Once upon a time, people believed all kinds of funny things about the physical world and the universe. In the graveyard of discarded ideas rendered obsolete by modern science, you’ll find all kinds of terms that claim the honorable suffix –ology, and by extension the scientific credibility that comes with genuine disciplines of science like biology or geology.
One such idea that refuses to die the well-deserved death long suffered by outdated concepts based on primitive world views is that archaic cosmological theory called astrology.
The people who believe in astrology usually take offense to anyone calling it a “pseudo-science”, and they are absolutely correct. Astrology is not a pseudo-science, or at least not any more so than phrenology or alchemy. It’s simply a bunch of superstitious nonsense that propagates a neolithic understanding of the universe. It does not deserve to be mentioned in the same breath as the word “science”. It’s a remnant of those times when people believed the stars to be the rulers of fates, and it deserves to be placed squarely in the drawer labeled “Mythology”, along with the theory that Athena sprang fully formed from the head of Zeus.
Astrologists believe that the position of the star constellations at the place and time of your birth determine key aspects of your character. This theory, which may have made perfect sense to neolithic goatherds, and which in the absence of radio telescopes and space probes constituted an uncontradicted explanation of the universe, doesn’t have a shred of physical evidence to support it. It’s not science for the same reasons that Intelligent Design is not science: the claim at its core is non-falsifiable.
Now why is it that stuff like phrenology has long since gone the way of the dodo, but astrology is still wildly popular and accepted as tentative truth by so many people?
I’ve discussed the issue with astrology proponents on many occasion, and part of the answer might be the general scientific illiteracy among the population. I’ve been called “arrogant” and “close-minded” for dismissing astrology, and people have tried to use what they considered scientific arguments in favor of their ersatz religion.
“We now know that gravity has an effect on everything,” they say. “The oceans have the tides, and we’re made mostly out of water.”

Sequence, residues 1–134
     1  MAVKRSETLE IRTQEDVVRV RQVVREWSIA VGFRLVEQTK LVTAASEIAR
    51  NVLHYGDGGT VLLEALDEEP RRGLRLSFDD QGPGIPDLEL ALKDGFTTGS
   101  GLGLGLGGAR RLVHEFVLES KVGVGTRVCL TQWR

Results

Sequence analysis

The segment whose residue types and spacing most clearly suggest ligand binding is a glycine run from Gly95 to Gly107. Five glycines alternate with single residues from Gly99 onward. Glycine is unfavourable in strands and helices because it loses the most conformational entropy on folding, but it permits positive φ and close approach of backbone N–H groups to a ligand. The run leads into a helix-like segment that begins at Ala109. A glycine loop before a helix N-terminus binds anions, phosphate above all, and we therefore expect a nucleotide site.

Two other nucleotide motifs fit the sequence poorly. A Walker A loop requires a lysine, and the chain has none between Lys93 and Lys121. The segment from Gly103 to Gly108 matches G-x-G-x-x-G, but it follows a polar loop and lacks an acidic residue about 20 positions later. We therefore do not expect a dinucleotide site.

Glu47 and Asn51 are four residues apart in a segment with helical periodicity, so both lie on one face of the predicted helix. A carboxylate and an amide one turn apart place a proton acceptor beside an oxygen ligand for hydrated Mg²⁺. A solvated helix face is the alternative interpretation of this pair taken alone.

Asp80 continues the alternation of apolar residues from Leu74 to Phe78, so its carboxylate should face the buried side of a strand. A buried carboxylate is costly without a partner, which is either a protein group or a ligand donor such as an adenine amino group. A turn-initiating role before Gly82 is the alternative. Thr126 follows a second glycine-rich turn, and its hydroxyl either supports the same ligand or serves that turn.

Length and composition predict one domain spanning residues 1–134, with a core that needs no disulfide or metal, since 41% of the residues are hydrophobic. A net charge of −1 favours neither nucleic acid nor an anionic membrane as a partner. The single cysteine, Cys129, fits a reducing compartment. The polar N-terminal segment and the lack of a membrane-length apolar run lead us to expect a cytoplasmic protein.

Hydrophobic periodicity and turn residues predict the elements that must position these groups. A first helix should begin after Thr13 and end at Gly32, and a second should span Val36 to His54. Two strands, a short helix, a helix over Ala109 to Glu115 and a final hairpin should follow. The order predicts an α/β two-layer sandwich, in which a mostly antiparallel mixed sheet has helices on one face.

“How do you know there’s nothing to it? My sister is a <zodiac sign>, and when you read an astrology book about <zodiac sign>, it fits her perfectly.”
“It’s simply the study of planets and the cosmos. How can any ‘scientifically-minded’ person reject that?”
Well, first of all, we already have a valid scientific discipline dealing with planets and the cosmos. It’s called astronomy, and like any proper science, it concerns itself with the observable and measurable evidence, because that’s the only way to get a handle on the physical universe. Proper “star science” concerns itself with what can be seen and recorded, not by whether your Auntie Mabel’s generosity is linked to her birth falling into the monthly segment allocated to the zodiac of Cancer. Astronomy meshes with the other sciences, because it holds itself to the scientific method. Astrology, on the other hand, does not. Astrology at best simply doesn’t correlate with what we know about astronomy, astrophysics, cosmology, and physics, and at worst contradicts the mountains of reliable evidence we have piled up in those legitimate scientific fields.
The claim about the influence of gravity is laughably spurious. Astronomy concerns itself with the constellation of the stars that are visible from the place of your birth at the time of your birth. It represents Middle Age cosmology. It doesn’t account for all the gravitational influences not visible to the naked eye, and unknown to Middle Ages astrologers. What about black holes? What about neutron stars? Also, astrology makes conjectures using a purely two-dimensional representation of the star constellations and planets, without accounting for their mass or distance fom each other. Astrology reflects the knowledge of the cosmos circa 1400 A.D., and the claim about gravitational influence has absolutely no bearing when you consider that it doesn’t take into account all the things not visible to the eye of a Middle Ages star gazer armed with unsophisticated optics. Then consider that objects in close proximity exerted a much bigger gravitational influence on you than far-away objects–the presence of the delivery nurse had far more of an effect on your body than far-off Jupiter, regardless of the mass disparity between the nurse and the celestial body. LabRat and Stingray over at Atomic Nerds can probably dissect the claims of astrology in a more educated manner than I could (I can only claim the completion of undergraduate-level physics classes), so I won’t attempt to delve into the scientific angle any further. Suffice it to say that anyone with even a spotty understanding of physics and modern cosmology cannot be a believer in astrology.
I’ll leave you with the opinion of a man much wiser and smarter than this scribe, and there’s not a word in his monologue that would have me disagree: here’s Carl Sagan on astrology.
(If you haven’t already done so, head over to LawDog, Matt G, Tam, Atomic Nerds, and Ambulance Driver for their takes on the subject. We did not coordinate or collaborate, and I am posting this as a scheduled post ahead of time, so I have no idea what you’ll find over there, other than the suspicion that it’ll be entertaining.)